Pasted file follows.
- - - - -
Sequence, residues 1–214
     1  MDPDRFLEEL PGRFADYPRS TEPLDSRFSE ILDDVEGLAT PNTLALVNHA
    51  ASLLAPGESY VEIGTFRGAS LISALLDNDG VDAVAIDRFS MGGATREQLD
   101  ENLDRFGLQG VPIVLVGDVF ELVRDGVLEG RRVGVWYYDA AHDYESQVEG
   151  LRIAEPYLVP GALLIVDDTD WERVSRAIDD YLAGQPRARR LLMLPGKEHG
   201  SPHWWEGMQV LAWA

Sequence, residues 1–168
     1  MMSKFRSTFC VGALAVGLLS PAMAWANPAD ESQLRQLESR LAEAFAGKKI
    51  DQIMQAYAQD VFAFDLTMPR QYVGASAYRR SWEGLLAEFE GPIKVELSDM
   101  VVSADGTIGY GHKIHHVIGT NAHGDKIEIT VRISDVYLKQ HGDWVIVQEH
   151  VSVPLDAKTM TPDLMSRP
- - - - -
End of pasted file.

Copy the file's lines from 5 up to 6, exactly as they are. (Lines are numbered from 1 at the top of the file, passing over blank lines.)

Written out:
   151  LRIAEPYLVP GALLIVDDTD WERVSRAIDD YLAGQPRARR LLMLPGKEHG
   201  SPHWWEGMQV LAWA